The next question was quite obvious. How does the UW System go about funding these tools? As it turns out, nothing evolves in a vacuum. The answer was being developed almost simultaneously by the UW Common Systems Group. This group was formed as an outgrowth of the IT planning process that the UW has engaged in over the past several years. Among the membership of the CSG are campus respresentatives such as Vice Chancellors, Institutional Business Representatives, and UW System Administration representatives. The group has the responsibility of reviewing large common System proposals for central funding. The proposal to this group that the utility hosting model be considered the first "academic system" (as opposed to the more typical, large-cost administrative systems) was approved. The CSG agreed that about $1 million was necessary to fund the Systemwide project annually. Among the major benefits of central funding is that the service is available to all "free." In effect, the costs for these new and emerging technologies have found a long overdue budget line.

Technical and hardware support are only two of the necessary components required to engage in web enhancement of course offerings. Good instructional design and course development support are even more critical. Again, as we were not operating in a vacuum, the support for course and program development has been evolving as well. The UW Board of Regents launched a major initiative and has supported the development of UW Learning Innovations (http://learn.wisconsin.edu/). Learning Innovations' primary goal is to help UW institutions develop programmatic material for online distribution. Also, the past biennial budget provided for a campus-based, course-development infrastructure based largely on physical spaces where the necessary hardware and support is to be located at each UW Institution.

It is important to note that this is not a static environment. Even before the RFP selection process was finished, another Web tool, Blackboard's CourseInfo, emerged and has been added to the mix (hosted by UW-Milwaukee). Others are on the horizon. One interesting variation on the hosting theme is the UW System is experimenting with an outsourcing hosting environment for some of the LearningSpace courses. A recent contract was awarded to Interliant Corporation in Houston to provide the physical hosting services for Lotus LearningSpace. Some 1,350 students are being served by this option, which we hope might provide a cost-saving alternative over time.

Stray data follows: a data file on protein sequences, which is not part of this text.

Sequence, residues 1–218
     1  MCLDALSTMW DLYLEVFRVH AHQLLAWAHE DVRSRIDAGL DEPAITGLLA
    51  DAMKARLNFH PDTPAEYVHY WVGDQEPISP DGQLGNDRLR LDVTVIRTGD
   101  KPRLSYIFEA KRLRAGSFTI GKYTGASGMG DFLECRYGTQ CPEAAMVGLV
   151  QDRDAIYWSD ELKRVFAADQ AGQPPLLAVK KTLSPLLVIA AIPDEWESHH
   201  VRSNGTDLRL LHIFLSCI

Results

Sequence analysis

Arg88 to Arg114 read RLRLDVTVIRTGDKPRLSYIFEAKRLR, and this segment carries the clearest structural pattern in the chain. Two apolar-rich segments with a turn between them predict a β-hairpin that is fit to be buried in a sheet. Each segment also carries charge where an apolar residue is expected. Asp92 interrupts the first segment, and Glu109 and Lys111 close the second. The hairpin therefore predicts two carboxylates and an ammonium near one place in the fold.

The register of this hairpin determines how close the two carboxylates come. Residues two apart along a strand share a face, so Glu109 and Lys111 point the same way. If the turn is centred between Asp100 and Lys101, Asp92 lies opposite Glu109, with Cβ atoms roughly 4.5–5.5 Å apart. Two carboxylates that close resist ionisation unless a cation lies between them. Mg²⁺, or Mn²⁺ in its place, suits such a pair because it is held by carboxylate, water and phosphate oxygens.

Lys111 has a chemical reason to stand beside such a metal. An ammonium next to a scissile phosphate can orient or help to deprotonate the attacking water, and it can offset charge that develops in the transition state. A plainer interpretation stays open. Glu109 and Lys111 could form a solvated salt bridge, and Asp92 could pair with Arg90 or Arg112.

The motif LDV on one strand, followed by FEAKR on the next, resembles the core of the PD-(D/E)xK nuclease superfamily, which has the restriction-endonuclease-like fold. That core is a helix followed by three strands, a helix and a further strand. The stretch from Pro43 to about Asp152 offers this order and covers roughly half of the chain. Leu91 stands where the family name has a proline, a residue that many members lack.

So how do you find out more about using these services? Regardless of whether you are a single faculty member enhancing just one course or you represent a multi-campus collaboration developing an entire online program, one of the best places to start is a discussion with your campus Learning Technology Development Council representative (http://www.uwsa.edu/olit/ltdc/). He or she can provide invaluable advice regarding your next steps. If you want to investigate the current web tools or contact the utility providers, consult http://www.uwsa.edu/olit/utility/.

Is "web-augmented" the only kind of technologically-enhanced learning? Of course not. Strategies are being discussed to maintain and enhance all the currently-used technologies across the System. You can rest assured that all the viable technologies will be available to you as a palette from which you can choose to most effectively enhance teaching and learning. With time and careful planning, the impediments to using those technologies will be reduced and the process will become far more efficient.